The rather long planing stages then began during which Sargent selected the gown he wished her to pose in, a dress by Felix Paussineau.


This was a very important painting for Sargent so the numerous quick studies were part of trying to get to know the model and work out what he was going to do with the final portrait.





Sargent was very frustrated by the laziness and willfulness of Amelie who he could never get to sit for him with all the distractions of Paris life.



Eventually he had to wait until she moved to Brittany for the summer to start further studies for the painting.






He eventually chose a standing pose which was finished during that summer in Brittany.
Back in Paris it would seem that Sargent was unsure of the painting and started a second version for the Salon that was never finished. Carolus Duran saw the original and assured Sargent that the first was fine and he should show it.


Unfinished copy


The painting as shown at the 1884 Salon with the fallen strap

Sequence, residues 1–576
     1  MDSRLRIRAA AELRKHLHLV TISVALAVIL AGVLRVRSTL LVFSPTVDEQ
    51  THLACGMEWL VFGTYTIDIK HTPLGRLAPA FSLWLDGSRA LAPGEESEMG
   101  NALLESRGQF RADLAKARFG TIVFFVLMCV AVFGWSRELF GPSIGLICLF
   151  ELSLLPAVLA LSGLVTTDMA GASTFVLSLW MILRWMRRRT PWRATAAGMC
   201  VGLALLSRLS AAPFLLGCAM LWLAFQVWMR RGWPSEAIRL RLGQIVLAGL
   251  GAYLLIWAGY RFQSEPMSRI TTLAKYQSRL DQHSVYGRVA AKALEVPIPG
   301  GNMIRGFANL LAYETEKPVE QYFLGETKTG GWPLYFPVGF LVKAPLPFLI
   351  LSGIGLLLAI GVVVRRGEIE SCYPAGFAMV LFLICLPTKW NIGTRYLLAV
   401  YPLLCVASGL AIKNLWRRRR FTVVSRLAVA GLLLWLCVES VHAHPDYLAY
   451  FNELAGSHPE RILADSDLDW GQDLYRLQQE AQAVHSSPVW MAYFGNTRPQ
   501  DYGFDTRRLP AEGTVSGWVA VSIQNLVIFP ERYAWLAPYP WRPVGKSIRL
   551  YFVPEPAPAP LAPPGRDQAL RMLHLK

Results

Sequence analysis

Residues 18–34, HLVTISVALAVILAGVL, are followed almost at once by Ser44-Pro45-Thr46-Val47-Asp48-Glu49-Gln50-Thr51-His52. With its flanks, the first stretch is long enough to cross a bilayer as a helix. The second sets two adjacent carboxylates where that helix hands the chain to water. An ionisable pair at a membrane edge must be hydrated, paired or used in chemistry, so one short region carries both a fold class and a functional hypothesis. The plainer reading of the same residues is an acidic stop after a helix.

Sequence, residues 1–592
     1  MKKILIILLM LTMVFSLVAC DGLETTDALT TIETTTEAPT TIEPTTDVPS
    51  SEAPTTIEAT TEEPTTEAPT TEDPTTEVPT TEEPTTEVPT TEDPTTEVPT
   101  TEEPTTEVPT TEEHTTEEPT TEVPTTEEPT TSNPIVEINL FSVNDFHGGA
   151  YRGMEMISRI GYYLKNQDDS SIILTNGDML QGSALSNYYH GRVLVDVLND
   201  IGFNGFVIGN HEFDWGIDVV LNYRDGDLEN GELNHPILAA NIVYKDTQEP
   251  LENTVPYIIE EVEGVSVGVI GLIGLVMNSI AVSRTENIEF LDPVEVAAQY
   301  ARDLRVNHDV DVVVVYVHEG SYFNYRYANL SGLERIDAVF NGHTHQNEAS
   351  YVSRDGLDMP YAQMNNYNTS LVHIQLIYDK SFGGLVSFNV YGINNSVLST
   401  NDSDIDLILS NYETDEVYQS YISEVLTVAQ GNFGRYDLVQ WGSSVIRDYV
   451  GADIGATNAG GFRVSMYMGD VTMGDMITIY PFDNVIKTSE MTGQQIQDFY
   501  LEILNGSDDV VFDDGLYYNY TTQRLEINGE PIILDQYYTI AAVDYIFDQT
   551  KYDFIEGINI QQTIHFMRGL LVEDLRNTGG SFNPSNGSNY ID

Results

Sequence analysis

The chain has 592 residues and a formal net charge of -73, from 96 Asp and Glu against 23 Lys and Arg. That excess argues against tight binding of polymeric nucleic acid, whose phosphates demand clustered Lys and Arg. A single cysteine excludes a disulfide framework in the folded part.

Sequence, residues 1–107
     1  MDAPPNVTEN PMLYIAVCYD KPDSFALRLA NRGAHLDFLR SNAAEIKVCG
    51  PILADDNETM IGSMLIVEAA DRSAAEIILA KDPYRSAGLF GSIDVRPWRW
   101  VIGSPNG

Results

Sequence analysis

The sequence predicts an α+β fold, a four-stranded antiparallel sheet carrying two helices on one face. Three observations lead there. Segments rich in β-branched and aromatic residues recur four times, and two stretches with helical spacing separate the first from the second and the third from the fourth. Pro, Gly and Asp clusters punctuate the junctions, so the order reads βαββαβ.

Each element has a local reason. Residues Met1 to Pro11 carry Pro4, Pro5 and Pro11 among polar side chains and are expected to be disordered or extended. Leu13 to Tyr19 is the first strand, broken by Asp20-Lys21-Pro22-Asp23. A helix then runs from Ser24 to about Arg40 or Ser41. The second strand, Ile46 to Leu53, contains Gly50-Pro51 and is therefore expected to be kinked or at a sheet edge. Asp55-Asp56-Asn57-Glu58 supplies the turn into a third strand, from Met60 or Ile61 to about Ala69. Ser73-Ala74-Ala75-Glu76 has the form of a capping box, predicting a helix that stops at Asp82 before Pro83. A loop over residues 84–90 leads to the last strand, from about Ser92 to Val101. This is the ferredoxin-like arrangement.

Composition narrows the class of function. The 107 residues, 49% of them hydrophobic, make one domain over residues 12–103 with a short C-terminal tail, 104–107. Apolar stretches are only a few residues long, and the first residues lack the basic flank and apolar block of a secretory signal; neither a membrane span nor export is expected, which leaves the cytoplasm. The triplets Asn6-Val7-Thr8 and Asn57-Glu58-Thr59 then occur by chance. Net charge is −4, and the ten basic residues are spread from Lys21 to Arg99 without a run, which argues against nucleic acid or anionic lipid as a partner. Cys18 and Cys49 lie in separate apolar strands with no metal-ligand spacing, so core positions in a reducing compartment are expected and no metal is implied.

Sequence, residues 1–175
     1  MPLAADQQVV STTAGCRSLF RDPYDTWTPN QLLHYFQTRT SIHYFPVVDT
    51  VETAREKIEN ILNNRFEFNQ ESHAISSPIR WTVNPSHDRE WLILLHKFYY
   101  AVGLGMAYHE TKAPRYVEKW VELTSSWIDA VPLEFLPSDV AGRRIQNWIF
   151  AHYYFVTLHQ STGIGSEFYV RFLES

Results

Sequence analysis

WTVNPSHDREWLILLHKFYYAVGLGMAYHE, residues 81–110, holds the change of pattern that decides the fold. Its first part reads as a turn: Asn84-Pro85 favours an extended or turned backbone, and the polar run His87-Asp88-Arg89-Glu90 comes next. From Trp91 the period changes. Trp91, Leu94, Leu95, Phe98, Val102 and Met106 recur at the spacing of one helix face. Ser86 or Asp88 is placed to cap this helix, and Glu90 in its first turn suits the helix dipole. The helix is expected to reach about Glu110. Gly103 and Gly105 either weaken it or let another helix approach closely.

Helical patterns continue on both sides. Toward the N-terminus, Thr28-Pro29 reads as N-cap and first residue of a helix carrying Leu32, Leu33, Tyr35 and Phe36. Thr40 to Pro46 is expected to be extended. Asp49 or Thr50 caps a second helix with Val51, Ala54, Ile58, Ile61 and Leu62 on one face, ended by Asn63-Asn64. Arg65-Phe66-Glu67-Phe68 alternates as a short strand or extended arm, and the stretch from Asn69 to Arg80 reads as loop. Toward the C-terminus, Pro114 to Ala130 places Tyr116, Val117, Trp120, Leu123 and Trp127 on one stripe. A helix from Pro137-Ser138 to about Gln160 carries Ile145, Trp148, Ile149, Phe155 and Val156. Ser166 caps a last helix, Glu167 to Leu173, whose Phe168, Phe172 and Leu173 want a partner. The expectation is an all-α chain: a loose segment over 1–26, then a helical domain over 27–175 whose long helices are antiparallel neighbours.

The intention had been to consolidate his position as a society painter, but the reality resulted in a serious scandal. The reason for the uproar was that it was to close to the truth and showed Madame Gautreau as the Professional Beauty who had used her wiles to cross the Class Boundaries of Paris society. Amelie never fully recovered from the clamour and Sargent left Paris for London under a cloud. The painting was kept by Sargent and displayed first in his Paris and then his London studio.


By the time Amelie died in 1915 Sargent was unassailably established as a eminent artist and the Metropolitan Museum of Art New York was pleased to buy the painting when he offered it to them in 1916.

Madam X

6 comments:

MimiTabby said...

What a great story! thanks.
That which ruins a lady's reputation seems so ridiculous when being judged through the lens of time.


Mimi Torchia Boothby Watercolors

Journeyman said...

Yes it was quite a story Mimi, and looked at under present day standards it’s difficult to understand why such a painting should lead to a scandal.
:) Dave

Susan said...